Financial firms preparing for the European Union’s General Data Protection Regulation (GDPR) need to make sure that their data collection and storage capabilities built out for MiFID II don’t affect their compliance with the new rules. Jon Szehofner, Partner at GD Financial Markets, a division of legal and professional services firm Gordon Dadds, discusses potential points of conflict between the two European regulations, and how a more holistic regulatory approach could mitigate these risks. This article is based on a recent podcast interview. Listen here.
The EU’s recently introduced Markets in Financial Instruments Directive (MiFID II) was a reaction to the global financial crisis, focused on investor protection and providing transparency around trading activities. GDPR, on the other hand, focuses on the protection of data rights of individuals who are EU citizens, whether or not they are domiciled in Europe.
Some observers see inherent contradictions in the two pieces of legislation. Article 16 of MiFID II, for example, which looks at records retention and making sure that firms are holding data that is required by regulators in the best interest of their clients, could seem at odds with Article 17 of GDPR, where individuals have the right to erasure of their data, where it is no longer needed, no longer processed, or consent has been removed. Many people are asking how those two pieces reconcile.
In principle, the regulations are intended to support each other rather than contradict. The Financial Conduct Authority (FCA) and the Information Commissioner’s Office (ICO), released a statement in February 2018 saying that the rules of GDPR are not incompatible with the rules in the FCA handbook, and that there will be ongoing coordination across the regulators.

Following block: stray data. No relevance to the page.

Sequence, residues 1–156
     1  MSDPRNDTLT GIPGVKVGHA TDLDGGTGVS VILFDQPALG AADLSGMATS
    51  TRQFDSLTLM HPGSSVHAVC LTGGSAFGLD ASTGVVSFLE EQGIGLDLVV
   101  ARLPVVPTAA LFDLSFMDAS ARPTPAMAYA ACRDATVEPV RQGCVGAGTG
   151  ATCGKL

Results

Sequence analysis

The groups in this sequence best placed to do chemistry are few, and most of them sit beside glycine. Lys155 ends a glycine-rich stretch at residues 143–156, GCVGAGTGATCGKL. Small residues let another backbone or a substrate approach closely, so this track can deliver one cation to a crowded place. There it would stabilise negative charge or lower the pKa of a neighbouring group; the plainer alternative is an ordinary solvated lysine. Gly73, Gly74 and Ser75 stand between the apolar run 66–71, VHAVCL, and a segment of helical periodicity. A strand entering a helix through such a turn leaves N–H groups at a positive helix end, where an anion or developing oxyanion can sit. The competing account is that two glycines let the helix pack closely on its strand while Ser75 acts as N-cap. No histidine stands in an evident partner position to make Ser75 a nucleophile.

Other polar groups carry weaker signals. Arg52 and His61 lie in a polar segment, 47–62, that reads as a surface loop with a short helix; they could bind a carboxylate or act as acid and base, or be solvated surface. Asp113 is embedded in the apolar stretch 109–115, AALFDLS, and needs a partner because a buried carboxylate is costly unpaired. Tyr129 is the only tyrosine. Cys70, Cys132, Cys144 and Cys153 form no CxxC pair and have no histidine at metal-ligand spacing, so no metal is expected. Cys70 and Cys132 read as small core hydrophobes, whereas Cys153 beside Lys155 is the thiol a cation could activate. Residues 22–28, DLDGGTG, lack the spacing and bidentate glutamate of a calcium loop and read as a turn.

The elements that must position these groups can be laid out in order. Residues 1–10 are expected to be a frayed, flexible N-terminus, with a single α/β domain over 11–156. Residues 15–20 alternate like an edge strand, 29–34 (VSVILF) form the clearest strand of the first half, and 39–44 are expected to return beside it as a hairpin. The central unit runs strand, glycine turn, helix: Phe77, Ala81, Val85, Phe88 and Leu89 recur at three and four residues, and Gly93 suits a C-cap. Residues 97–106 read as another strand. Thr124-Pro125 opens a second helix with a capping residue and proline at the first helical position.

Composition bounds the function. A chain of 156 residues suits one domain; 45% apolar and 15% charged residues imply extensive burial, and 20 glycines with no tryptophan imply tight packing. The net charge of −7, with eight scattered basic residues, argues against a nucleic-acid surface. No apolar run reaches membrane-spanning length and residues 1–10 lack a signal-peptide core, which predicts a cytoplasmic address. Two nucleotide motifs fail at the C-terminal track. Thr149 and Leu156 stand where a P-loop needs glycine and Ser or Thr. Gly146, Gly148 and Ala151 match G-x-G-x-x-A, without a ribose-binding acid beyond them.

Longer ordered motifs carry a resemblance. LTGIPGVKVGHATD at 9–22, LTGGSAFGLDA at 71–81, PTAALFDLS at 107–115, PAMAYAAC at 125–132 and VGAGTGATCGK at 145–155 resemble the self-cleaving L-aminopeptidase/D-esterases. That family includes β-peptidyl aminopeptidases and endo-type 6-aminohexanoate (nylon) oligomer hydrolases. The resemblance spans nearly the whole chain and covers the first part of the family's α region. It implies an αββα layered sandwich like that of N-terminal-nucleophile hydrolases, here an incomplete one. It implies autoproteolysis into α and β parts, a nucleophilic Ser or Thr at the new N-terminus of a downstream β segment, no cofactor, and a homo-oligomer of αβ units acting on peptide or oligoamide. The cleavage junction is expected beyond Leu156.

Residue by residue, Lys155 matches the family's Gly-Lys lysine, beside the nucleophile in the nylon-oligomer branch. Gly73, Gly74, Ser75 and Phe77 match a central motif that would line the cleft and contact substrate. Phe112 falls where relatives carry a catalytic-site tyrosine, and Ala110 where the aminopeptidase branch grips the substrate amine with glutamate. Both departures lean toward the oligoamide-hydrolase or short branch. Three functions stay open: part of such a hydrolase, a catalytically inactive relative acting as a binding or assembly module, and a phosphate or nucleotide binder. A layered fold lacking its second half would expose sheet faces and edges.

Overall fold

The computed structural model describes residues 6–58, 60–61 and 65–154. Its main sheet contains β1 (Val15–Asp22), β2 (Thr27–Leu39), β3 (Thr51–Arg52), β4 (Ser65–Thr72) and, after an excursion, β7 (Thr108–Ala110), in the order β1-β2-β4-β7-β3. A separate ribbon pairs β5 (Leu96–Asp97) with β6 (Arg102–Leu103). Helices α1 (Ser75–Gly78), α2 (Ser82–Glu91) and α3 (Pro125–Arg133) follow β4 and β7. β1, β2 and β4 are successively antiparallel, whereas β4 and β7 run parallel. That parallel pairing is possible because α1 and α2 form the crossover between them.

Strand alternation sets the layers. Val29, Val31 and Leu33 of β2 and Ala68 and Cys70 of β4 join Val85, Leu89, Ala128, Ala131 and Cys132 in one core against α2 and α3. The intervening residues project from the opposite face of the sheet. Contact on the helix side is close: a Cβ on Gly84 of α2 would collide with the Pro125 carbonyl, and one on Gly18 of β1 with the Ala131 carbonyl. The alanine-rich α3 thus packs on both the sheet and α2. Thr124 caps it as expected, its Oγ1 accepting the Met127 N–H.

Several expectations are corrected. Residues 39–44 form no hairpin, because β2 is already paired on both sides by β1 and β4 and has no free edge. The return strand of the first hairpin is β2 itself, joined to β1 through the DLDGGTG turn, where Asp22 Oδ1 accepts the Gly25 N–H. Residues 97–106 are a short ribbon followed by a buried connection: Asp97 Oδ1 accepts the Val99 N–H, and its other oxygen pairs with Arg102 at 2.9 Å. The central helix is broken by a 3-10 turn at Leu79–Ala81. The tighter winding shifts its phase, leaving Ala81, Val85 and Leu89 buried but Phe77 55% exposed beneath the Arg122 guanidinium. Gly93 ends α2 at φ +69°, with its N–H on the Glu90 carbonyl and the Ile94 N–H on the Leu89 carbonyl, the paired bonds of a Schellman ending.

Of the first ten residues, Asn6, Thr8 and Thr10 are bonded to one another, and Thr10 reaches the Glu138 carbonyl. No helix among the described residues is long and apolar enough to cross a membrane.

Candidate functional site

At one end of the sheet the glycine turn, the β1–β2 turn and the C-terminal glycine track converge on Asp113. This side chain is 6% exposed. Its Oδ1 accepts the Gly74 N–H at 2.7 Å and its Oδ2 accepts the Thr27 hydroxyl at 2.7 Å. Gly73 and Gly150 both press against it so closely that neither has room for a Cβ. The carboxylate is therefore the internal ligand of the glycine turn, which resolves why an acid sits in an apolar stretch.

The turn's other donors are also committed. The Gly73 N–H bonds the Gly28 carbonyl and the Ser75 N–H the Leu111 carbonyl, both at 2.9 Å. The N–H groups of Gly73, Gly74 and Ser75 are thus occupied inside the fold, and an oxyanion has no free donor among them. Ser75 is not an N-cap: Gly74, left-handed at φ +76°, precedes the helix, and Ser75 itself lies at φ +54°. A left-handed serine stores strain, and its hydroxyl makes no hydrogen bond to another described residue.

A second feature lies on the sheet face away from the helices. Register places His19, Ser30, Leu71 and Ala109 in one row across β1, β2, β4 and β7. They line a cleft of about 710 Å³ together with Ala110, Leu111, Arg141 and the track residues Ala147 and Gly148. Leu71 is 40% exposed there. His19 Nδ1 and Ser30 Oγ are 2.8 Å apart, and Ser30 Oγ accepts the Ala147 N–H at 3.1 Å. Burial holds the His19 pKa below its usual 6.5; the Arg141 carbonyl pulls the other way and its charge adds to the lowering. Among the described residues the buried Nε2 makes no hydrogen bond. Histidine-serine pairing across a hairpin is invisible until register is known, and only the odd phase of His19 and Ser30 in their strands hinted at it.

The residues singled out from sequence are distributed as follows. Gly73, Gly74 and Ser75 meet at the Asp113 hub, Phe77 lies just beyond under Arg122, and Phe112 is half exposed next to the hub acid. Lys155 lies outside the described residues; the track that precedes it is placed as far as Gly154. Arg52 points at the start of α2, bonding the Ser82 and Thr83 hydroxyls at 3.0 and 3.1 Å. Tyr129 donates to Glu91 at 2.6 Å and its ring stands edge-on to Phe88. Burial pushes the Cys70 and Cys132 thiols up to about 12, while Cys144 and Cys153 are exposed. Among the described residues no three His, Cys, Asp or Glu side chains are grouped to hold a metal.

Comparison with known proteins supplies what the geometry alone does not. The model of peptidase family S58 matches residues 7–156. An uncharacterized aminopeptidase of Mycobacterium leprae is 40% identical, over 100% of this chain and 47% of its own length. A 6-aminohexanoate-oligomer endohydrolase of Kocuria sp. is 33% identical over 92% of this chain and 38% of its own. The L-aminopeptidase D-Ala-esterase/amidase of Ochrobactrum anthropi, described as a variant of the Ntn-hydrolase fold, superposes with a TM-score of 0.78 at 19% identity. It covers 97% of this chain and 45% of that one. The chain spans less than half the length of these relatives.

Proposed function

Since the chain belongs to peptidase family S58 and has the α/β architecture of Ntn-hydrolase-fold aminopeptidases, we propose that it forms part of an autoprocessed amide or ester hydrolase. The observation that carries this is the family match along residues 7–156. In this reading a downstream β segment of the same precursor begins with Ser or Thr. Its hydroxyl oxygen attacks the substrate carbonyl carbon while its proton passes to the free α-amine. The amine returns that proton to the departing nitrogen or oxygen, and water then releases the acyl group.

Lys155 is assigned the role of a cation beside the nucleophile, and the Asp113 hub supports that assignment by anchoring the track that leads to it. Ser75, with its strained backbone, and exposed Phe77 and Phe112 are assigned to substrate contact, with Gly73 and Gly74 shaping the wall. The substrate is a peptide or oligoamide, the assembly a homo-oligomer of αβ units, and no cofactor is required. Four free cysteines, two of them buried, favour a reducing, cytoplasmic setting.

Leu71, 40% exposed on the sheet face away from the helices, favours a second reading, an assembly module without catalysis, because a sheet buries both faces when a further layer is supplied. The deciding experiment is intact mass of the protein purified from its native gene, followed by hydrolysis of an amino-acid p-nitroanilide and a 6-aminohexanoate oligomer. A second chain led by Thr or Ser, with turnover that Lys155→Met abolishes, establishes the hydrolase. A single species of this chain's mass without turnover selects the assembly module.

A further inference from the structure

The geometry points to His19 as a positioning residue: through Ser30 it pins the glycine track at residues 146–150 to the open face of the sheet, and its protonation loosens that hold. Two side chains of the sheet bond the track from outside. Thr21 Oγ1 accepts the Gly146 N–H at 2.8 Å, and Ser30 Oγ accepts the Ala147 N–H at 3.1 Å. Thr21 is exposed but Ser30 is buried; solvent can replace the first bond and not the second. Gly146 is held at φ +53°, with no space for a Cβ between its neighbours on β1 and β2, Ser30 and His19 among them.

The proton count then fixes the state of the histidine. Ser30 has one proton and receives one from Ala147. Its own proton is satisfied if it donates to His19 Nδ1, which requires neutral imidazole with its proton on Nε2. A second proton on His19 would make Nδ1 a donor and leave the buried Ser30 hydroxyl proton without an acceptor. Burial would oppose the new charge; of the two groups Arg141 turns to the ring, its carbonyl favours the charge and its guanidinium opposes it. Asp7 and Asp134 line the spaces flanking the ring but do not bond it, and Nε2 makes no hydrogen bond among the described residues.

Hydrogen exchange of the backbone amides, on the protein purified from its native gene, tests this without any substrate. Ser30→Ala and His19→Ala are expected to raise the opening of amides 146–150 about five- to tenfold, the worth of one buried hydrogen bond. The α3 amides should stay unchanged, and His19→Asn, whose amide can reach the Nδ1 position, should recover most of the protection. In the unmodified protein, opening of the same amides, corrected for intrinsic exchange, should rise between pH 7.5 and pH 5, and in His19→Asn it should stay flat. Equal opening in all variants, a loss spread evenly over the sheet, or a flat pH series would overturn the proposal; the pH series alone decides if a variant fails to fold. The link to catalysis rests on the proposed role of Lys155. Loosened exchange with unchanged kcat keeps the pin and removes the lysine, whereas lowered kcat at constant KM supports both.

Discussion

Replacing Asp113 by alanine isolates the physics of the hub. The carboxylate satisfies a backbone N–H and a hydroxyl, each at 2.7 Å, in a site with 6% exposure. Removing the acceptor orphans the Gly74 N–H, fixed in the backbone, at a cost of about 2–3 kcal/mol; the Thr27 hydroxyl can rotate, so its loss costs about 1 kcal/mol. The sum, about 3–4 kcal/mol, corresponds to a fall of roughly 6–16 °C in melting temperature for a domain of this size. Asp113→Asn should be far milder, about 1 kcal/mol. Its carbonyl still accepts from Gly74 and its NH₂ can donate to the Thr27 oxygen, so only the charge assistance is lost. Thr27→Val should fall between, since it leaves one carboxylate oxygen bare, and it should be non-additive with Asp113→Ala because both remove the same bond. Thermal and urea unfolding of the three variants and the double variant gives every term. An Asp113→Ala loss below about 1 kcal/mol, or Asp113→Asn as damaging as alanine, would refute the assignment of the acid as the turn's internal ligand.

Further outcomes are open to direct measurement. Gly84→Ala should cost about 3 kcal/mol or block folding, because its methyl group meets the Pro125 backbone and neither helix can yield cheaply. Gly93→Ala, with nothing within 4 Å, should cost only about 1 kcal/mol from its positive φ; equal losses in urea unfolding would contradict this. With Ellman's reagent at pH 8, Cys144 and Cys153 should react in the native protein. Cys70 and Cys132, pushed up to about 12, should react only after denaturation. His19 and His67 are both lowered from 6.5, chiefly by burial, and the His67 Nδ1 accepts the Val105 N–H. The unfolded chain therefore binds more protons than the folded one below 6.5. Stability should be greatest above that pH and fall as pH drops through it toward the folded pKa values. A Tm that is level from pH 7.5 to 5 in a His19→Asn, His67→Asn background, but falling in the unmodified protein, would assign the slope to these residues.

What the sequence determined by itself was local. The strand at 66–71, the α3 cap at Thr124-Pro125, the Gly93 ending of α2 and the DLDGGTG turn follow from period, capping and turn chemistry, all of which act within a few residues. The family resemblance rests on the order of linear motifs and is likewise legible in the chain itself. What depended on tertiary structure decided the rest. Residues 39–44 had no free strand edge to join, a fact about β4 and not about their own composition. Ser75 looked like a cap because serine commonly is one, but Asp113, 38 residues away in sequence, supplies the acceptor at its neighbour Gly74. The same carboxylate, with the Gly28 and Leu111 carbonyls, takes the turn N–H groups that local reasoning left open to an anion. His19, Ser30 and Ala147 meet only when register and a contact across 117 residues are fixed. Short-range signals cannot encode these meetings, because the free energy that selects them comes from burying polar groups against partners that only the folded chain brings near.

It all comes down to the legal basis of processing. There will be data that firms need to hold and store, such as data being reported to regulators, or being used to monitor financial crime. Or it could be data that a firm needs in order to be able to fulfil other obligations, for example, a pension participant cannot suddenly request erasure of all their data, as the firm will need access to that participant’s information in order to do so.
The intention of GDPR is to have firms identify the data that they are holding and ensure that they are only using it for the original purposes as consented by the consumer. If a retail bank customer asks to have all their data removed, the institution response needs to be that they will delete anything that they do not need to process, but that there may be data they need to hold onto for various legal or regulatory reasons. However, if data is retained because of a regulatory requirement, that data cannot be then used for any other purpose, such as marketing or sharing with third parties.
The key is to have detailed knowledge of the data the firm holds and robust process and governance around understanding where that data is stored, how is it stored, and who has access to it.
Regulators may claim that the rules are not incompatible with each other, but one of the issues with the GDPR is that much of it is open to interpretation. The real test will come after implementation on May 25th, once firms need to start demonstrating compliance, and we start to see legal precedent around some of the clauses. It will indeed be useful if regulators do work together, so the industry can confront some of these issues collectively.
The Benefits of Taking a Holistic Approach to Regulatory Change
Firms can do more to prepare for the overlapping and conflicting requirements across the GDPR and other regulations. We all know that delivering regulatory change projects within organizations tends to be deadline driven, and as a consequence firms have been largely focused on delivering MiFID II, as that was the first deadline. Change teams then moved on to the GDPR and other regulations that have an impact on how data is managed, such as the Payment Services Directive 2(PSD2).